Thinking about learning another language? New research suggests it’s a good idea.

The journal Bilingualism: Language and Cognition recently published a study which uncovered that bilingual people have an easier time concentrating than those who only speak their native tongue.

Researchers at the University of Birmingham created three tests for 99 participants in order to measure concentration and reaction time. The study was made up of 48 participants who were English-Chinese bilingual while 51 only spoke one language.

Participants engaged in the “Flanker” test, in which they were shown rows of arrows and asked to specify which direction the arrow in the middle of the group was pointing. In this experiment, respondents needed to disregard the other arrows in order to decipher which way the arrow in question faced.

The “Spatial Stroop” test made participants indicate the direction of a single arrow, pointing left or right. Arrows were either on the right or left side of a computer screen, which affected responses. The “Simon” task worked like the Spatial Stroop, but instead of using arrows, a computer screen showed single blue or red squares.

Faster Response Time

According to Science Daily, the study showed that both monolinguals and those who spoke more than one language were alike in their ability to disregard factors that interrupted their attention. But the results also established that bilingual participants did not have as many “very slow” responses as the others.

Experts have theorized that bilinguals may possess better “inhibitor control,” meaning these individuals can block out irrelevant information or stimuli from the task at hand. The recent research concludes that bilingualism translates to “attentional control,” an advanced ability to focus on a specific stimulus.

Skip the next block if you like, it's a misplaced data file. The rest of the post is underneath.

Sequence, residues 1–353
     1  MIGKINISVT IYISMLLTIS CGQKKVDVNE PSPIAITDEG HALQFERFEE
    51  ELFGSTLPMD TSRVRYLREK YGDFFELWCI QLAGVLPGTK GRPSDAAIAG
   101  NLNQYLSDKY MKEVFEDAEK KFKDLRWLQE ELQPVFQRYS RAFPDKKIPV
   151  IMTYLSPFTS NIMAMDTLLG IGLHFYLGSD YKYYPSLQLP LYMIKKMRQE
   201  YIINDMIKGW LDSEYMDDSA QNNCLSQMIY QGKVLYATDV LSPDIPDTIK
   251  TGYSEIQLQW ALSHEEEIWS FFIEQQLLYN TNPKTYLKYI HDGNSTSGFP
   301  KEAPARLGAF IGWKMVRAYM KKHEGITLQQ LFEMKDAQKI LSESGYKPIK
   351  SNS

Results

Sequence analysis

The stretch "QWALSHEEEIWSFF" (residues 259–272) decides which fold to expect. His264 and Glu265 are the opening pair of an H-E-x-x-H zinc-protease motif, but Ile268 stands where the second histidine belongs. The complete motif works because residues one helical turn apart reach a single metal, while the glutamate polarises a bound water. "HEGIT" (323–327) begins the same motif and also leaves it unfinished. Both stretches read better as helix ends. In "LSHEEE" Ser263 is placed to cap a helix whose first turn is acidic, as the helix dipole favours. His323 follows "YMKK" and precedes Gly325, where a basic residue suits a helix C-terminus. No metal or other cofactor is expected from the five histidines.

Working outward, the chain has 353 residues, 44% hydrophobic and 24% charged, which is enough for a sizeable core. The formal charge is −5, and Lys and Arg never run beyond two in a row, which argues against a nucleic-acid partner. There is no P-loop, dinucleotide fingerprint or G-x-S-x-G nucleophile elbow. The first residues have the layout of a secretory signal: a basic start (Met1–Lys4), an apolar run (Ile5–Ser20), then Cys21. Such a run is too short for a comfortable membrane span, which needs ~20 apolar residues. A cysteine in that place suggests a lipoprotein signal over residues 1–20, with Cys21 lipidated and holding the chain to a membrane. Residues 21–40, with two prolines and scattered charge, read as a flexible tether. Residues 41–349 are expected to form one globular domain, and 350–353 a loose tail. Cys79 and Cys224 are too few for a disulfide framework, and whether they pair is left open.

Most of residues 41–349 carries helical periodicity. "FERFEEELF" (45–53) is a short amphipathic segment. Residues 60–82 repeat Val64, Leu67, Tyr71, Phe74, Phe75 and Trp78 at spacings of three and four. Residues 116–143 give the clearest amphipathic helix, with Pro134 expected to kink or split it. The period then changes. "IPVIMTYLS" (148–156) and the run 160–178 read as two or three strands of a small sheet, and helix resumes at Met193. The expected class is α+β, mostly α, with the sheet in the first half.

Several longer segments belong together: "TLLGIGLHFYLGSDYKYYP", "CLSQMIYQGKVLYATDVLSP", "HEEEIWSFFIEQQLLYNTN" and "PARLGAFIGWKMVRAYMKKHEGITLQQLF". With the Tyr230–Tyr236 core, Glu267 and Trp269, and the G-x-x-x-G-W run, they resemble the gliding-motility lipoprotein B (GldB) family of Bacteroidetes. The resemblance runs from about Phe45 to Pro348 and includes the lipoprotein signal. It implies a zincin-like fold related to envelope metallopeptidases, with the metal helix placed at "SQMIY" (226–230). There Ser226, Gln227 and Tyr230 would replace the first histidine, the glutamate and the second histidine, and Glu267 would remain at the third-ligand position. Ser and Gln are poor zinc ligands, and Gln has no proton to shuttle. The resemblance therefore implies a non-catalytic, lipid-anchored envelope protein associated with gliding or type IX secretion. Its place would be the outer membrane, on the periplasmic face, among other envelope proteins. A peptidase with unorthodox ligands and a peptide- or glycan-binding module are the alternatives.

In other words, those who speak more than one language seem to have an easier time staying focused than their monolingual counterparts.

The Bilingual Advantage

The findings add to already existent data that extol the benefits of being bilingual. Not only can multi-linguists connect in more ways than one with others, studies have also shown them to possess sharper cognitive and even social skills.

And although there’s always time to pick up Rosetta Stone and learn a new language, it’s beneficial to get the ball rolling sooner rather than later. Learning another language as an adult is more challenging than it is for younger speakers due to the way our brains develop.

Professional linguists are a boon to a number of different industries, including education, law enforcement and travel. Gallup declared that roughly one in four Americans can fluently speak a language other than English, a statistic that emphasizes the language barrier in the country. The translation industry and others can always use fluent linguists.

Learning the Lingo

If you’d like to pursue a foreign language and don’t know where to start, Business Insider gives a list of five of the best languages to learn. The list states that Chinese is the most spoken language in the world.

On top of the myriad of resources available to those wanting to speak another language, there are also more practical steps one can take to make sure the experience is fruitful. Babel, among others, has produced a list of suggestions.

Maybe the most important aspect is asking yourself why you’re learning the language in the first place. Having a solid idea of what language you wish to learn and why will help you keep your resolve throughout the learning process.

Strong subject-matter experts and translators possess the invaluable ability to bridge the gap between understanding and geography. The recent research is just another reason to expand one's linguistic horizons.

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Jake Schild

Jake Schild

A former newspaper reporter and native Minnesotan, Jake Schild is a staff writer in the marketing department at ULG.

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